The holiday season is a time we wait for all year round. We get out of our houses, meet our friends, families, and loved ones, and try to have a great time.
However, many of us are not very confident, and often suffer from social anxiety that is associated with the tons of gatherings and parties that are common during this time of the year.
Kim Felmingham, a reputed clinical psychologist tells Huff Post Australia, “We have clear empirical evidence and it is very well recognised that this time of year is particularly difficult for people with psychological issues…For people with social anxiety, there are more social occasions so that is going to really escalate their symptoms…As much as your anxiety is getting escalated, if you avoid all social interaction — which is one of the most common coping strategies for this disorder — that avoidance can strongly reinforce a sense of isolation and loneliness”.
Felmingham feels that this kind of behaviour will eventually let your anxiety win over you. The disorder is commonly known as SAD or Social Anxiety Disorder. The condition can be debilitating and long term if it isn’t diagnosed properly.
However, Huff Post reports that there are various ways to reduce the effect of those SAD symptoms.
Before A Social Event
Felmingham feels that if you are suffering from social anxiety, you should have a plan in your mind.
She says, “Think about what you can and want to go to — and don’t throw yourself straight into the deep end…Rather than having a blanket avoidance or saying yes to everything, establish a graded list of social events. Some may be far more anxiety-provoking then others.”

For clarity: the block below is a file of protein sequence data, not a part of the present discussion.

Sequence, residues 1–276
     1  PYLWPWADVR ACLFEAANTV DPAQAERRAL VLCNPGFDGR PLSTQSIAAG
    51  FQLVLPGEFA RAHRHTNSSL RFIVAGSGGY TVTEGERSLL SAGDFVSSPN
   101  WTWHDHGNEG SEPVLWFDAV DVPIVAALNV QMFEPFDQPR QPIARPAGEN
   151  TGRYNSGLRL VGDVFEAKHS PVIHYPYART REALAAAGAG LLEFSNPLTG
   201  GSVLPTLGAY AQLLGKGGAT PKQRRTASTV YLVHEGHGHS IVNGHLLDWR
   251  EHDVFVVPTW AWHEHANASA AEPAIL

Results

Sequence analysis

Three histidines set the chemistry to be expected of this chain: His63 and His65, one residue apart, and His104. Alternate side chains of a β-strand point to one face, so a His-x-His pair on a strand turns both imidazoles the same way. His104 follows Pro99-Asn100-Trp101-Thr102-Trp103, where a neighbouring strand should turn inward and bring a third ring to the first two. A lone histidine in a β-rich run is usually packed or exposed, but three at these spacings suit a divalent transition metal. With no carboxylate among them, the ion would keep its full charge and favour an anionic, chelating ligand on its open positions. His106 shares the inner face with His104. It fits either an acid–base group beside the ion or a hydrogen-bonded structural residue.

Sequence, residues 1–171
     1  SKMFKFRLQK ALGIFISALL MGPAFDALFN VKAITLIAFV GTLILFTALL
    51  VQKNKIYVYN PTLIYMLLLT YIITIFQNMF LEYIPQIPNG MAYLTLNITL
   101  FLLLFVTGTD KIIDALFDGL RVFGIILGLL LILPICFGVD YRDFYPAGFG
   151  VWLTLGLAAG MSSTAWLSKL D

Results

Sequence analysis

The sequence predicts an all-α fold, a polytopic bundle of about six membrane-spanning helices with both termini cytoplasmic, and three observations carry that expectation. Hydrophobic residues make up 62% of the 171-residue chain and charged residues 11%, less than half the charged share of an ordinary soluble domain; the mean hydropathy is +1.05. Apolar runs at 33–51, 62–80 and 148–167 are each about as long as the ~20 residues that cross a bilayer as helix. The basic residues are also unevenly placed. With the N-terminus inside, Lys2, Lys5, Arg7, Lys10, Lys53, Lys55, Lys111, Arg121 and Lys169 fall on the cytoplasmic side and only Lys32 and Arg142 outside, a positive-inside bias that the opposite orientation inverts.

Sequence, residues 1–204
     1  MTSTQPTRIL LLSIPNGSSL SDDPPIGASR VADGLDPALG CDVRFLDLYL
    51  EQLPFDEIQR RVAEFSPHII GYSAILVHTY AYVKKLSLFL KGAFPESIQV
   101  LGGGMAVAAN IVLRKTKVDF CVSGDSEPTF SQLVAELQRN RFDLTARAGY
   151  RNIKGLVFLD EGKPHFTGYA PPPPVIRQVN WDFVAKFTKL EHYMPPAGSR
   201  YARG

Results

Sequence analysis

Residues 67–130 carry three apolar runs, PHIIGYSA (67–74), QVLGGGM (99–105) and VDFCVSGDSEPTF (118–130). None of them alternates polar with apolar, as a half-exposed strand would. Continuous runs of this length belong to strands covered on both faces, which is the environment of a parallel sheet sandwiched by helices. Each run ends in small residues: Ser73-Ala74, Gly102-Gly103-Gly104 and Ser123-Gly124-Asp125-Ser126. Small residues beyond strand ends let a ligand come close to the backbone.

These strategies help you understand what ‘pre-event processing’ is.
She continues, “When you’re approaching an event, you’re already anticipating what’s going to happen before you get there. You might have images of how bad it is going to be — they are always negative…If you can, start to work with and challenge those thoughts or images. Ask yourself, ‘Am I thinking of the worst case scenario, here?’ If you don’t do this, your thoughts are winning and that is only going to escalate your anxiety before you enter that situation. That may be going with a friend, or going and staying for a certain amount of time — that is better than not going at all.”
During The Event
Once you are at the event, your anxiety meter will rise above normal.
Here is what Felmingham thinks you should do.
“It is important at this stage to do some breathing and work on bringing your anxiety down…Remind yourself that not everyone is noticing you or judging you.”
She feels that the secret to tackling this rise in anxiety lies in countering your ‘self-focused attention’.
She added, “People tend to have this attention that is focused entirely on themselves and how others are viewing them. What you want to do is try to direct your attention towards conversation or what is happening around you…No one is the life of the party all of the time. ‘Normal’ at a Christmas party is probably a quick chat with someone for a few minutes before they move on…Rather than interpreting this as ‘I don’t have anything meaningful to say’, try to re-frame that as ‘This is a normal form of party interaction’.”
Felmingham feels that a lot of people depend on alcohol to get over their anxiety. This is a defence mechanism.
She also adds that people with anxiety should not credit their behaviour to the consumption of alcohol. Rather, they should credit themselves whenever they are feeling comfortable at social gatherings.
After the Event
If you are suffering from SAD, try and analyse the different behaviour patterns that make you anxious at social settings.
Felmingham says, “Post-event processing is where we tend to focus on the negative parts. Think about whether there were any positive conversations that challenged that. It’s about trying to see the shades of grey…Be compassionate towards yourself and recognise that this is a tough time of year. Don’t be ashamed to seek help if you need it.”